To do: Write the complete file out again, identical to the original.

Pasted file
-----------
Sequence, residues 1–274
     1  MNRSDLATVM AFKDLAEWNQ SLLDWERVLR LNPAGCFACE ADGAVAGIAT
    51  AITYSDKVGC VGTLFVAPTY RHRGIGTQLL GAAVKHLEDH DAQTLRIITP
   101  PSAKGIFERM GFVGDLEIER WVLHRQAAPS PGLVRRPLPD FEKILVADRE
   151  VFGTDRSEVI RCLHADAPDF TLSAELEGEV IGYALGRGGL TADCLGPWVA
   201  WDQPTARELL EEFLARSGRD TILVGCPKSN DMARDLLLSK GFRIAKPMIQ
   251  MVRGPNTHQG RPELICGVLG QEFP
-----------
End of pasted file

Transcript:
Sequence, residues 1–274
     1  MNRSDLATVM AFKDLAEWNQ SLLDWERVLR LNPAGCFACE ADGAVAGIAT
    51  AITYSDKVGC VGTLFVAPTY RHRGIGTQLL GAAVKHLEDH DAQTLRIITP
   101  PSAKGIFERM GFVGDLEIER WVLHRQAAPS PGLVRRPLPD FEKILVADRE
   151  VFGTDRSEVI RCLHADAPDF TLSAELEGEV IGYALGRGGL TADCLGPWVA
   201  WDQPTARELL EEFLARSGRD TILVGCPKSN DMARDLLLSK GFRIAKPMIQ
   251  MVRGPNTHQG RPELICGVLG QEFP